“We’re also hoping the Queensland government will come to the party and follow suit by expanding the $15,000 First Home Owners’ Grant to all new home builds. That would put Queensland firmly at the front of the game and mean anyone building a new home in Queensland would be eligible for $40,000 towards their new home, not just first homebuyers.
“We’re also asking the Queensland government to urgently bring forward and consider new opportunities for social housing – whether this be a new social housing construction program or maintenance of existing stock.
“Programs like this have a clear community benefit, as well as ensuring the industry has a clear pipeline of work and certainty, and support smaller contractors, who won’t necessarily see the benefit of the new home stimulus or the renovation package on offer.”
Mr Galvin says the renovation component of the package is also welcome.
The Australian Bureau of Statistics December 2019 quarter reports that $2214.0 million was spent on renovations across the country in that period.
While there has been criticism of the renovation component’s price range, which is capped at $750,000, Mr Morrison has defended it.
However, Labor leader Anthony Albanese is doubtful the program will spark a rush of people taking out loans or spending cash on major works.
“There aren’t too many battlers out there who have a lazy $150,000,’’ he says. “That’s a pretty decent renovation to your bathroom or to your kitchen.”
Mr Albanese says his recent bathroom makeover cost far less than $150,000. “It didn’t have pearl taps, it didn’t have a gold bath. That’s a substantial amount. We’ll wait and see what the take-up is.”
WHAT YOU NEED TO KNOW:
HomeBuilder will provide eligible owner-occupiers (including first homebuyers) with a grant of $25,000 to build a new home or substantially renovate an existing home.
A new home’s property value must not exceed $750,000.
Renovation projects to an existing home as a principal place of residence must be valued at $150,000 and $750,000, and the value of the existing property cannot exceed $1.5 million.
Contracts must be signed between June 4 and December 31, 2020.
Construction must start within three months of the contract date.
The grant can’t be used to build swimming pools, tennis courts, outdoor spas, saunas, sheds, garages or used on investment properties.
HomeBuilder will complement the existing Queensland First Home Owners’ Grant program, stamp duty concessions and other grant schemes, as well as the Commonwealth’s First Home Loan Deposit Scheme and First Home Super Saver Scheme.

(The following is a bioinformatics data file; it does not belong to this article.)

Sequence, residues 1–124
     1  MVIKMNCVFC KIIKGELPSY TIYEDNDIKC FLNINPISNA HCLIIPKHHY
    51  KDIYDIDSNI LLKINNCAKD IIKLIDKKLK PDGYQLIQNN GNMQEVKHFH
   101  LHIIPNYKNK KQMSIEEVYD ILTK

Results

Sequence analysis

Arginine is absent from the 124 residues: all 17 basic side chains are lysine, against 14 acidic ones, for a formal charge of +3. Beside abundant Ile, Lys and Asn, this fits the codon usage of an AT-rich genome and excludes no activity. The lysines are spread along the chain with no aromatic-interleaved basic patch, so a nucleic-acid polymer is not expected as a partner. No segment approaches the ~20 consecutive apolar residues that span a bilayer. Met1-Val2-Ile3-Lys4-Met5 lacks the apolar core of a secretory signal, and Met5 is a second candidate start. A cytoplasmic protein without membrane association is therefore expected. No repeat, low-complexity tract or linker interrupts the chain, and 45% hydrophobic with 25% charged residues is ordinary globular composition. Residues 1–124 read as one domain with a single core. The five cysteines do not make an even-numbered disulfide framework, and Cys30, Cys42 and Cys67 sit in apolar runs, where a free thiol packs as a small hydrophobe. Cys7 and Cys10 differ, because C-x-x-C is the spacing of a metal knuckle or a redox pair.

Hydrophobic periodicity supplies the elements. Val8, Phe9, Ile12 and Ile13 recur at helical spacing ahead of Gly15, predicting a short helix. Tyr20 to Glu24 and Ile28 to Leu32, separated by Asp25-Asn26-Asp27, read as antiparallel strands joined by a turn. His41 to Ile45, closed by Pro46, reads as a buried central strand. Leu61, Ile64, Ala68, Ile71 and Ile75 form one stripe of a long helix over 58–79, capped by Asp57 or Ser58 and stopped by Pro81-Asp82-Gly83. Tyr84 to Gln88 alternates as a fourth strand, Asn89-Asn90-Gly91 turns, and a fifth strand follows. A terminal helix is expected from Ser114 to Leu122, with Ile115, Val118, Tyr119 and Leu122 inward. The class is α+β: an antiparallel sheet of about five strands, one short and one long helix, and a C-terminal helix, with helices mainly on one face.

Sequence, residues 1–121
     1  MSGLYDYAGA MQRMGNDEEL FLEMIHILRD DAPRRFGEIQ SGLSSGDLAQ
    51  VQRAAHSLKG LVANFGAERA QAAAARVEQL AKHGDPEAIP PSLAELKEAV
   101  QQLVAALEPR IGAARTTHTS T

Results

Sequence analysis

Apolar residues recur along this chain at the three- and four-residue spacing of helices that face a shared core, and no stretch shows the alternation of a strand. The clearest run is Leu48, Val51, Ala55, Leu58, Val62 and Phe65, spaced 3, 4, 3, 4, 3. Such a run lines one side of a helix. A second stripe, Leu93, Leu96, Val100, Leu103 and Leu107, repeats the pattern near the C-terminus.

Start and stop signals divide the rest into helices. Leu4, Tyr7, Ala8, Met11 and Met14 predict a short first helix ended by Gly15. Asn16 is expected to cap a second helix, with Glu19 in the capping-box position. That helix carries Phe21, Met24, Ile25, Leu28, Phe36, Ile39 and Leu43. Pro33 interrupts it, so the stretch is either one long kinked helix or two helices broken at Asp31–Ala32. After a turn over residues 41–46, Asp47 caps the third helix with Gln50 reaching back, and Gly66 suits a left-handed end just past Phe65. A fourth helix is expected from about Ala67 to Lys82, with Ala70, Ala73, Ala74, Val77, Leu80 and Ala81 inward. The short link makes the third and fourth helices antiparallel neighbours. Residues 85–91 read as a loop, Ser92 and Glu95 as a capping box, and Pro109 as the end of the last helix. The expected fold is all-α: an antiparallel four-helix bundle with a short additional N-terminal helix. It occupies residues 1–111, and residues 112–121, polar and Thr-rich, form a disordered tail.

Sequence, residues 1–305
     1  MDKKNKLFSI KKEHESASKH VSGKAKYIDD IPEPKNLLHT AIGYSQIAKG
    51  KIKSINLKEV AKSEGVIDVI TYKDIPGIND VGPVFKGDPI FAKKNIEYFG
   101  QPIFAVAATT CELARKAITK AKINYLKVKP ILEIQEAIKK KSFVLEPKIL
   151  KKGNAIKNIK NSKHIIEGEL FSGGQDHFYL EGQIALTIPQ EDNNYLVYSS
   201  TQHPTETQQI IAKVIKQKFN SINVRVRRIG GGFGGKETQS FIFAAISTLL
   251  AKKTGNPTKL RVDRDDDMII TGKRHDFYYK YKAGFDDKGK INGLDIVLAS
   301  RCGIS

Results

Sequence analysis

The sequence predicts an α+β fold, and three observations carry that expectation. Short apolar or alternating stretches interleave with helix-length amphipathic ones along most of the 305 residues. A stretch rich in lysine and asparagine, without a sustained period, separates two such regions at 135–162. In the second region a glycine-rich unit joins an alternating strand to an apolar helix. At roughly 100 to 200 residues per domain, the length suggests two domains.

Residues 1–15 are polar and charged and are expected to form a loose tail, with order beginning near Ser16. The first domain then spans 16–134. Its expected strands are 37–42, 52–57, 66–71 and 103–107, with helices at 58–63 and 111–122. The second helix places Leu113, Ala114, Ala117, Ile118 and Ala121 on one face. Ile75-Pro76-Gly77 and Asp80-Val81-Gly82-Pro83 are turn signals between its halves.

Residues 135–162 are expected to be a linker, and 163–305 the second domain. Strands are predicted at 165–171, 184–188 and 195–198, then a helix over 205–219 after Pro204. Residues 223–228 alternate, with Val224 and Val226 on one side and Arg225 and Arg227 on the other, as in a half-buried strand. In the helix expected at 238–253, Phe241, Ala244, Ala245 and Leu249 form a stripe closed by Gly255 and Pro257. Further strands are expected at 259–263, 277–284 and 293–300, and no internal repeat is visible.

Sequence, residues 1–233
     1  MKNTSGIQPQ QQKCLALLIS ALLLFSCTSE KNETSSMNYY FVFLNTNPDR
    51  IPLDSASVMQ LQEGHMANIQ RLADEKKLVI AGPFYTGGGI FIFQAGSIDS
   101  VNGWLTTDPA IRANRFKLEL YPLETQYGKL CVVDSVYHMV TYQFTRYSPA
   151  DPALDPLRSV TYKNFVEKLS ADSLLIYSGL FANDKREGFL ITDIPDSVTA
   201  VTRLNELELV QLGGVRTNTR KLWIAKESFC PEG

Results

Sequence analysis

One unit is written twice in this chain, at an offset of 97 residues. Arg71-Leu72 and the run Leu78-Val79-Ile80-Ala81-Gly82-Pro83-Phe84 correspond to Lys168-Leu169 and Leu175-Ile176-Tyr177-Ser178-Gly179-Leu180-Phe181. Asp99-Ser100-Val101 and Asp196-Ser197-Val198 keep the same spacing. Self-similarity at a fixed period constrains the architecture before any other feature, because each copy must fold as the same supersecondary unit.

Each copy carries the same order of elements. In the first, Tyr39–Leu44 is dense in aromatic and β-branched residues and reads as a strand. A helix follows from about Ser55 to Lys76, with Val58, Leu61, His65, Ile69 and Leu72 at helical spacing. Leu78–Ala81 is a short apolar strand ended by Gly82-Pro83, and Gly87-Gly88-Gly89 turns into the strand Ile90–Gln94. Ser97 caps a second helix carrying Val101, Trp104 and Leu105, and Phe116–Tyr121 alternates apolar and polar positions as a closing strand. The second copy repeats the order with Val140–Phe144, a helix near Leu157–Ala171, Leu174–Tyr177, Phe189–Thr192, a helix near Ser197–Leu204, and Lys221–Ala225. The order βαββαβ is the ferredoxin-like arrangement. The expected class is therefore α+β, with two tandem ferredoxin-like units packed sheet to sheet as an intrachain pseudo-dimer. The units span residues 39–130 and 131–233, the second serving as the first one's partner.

To qualify you must be an Australian citizen and not be earning more than $125,000 per year as an individual or $200,000 per year as a couple (based on 2018-19 tax returns).
The Queensland First Home Owners’ Grant is applied to contracts dated from July 2018.
The $15,000 grant can be used for buying or building a new house, unit or townhouse that is valued at less than $750,000.
Thinking of building? Here are some tips from HIA Sunshine Coast.
Q.Why is it worth going to the trouble to find the right builder? What can happen if you don’t choose the right builder?
A. There are two keys to successfully choosing a good builder. Most importantly, deal with a professional new home builder – someone with a solid reputation and professional subcontractors who will work closely with you throughout the building process. Secondly, don’t rush. Take time to consider all aspects of your build and ask lots of questions – the more information you have, the easier it is to eliminate uncertainties.
Further by choosing a builder that belongs to an industry association such as the Housing Industry Association, it helps to ensure that you are choosing someone who belongs to a professional association, which has members codes of ethics, provides education and training for members and promotes the notion of members being leaders in their industry.
Q. Where should you look for a builder?
A. The benefit of using online tasking sites is that you can check reviews from other customers and save yourself time ringing around for quotes. You can also source someone locally to do the work so they will know the area, be able to come quickly and may have some knowledge of the kind of building you are asking them to deal with. You can also choose from a lot of quotes, meaning you can get something done at the best price. Having said that, word of mouth remains one
of the best ways to find a tradesman. This is because the reference will come from someone you know and trust.
Q. What are the main questions to ask a prospective builder?
A. Peace of mind still comes from asking the right questions. Before you hire a builder, ask about licenses, insurance and experience and make sure you are in agreement on a quote and create a detailed prepared time line that you can both agree on.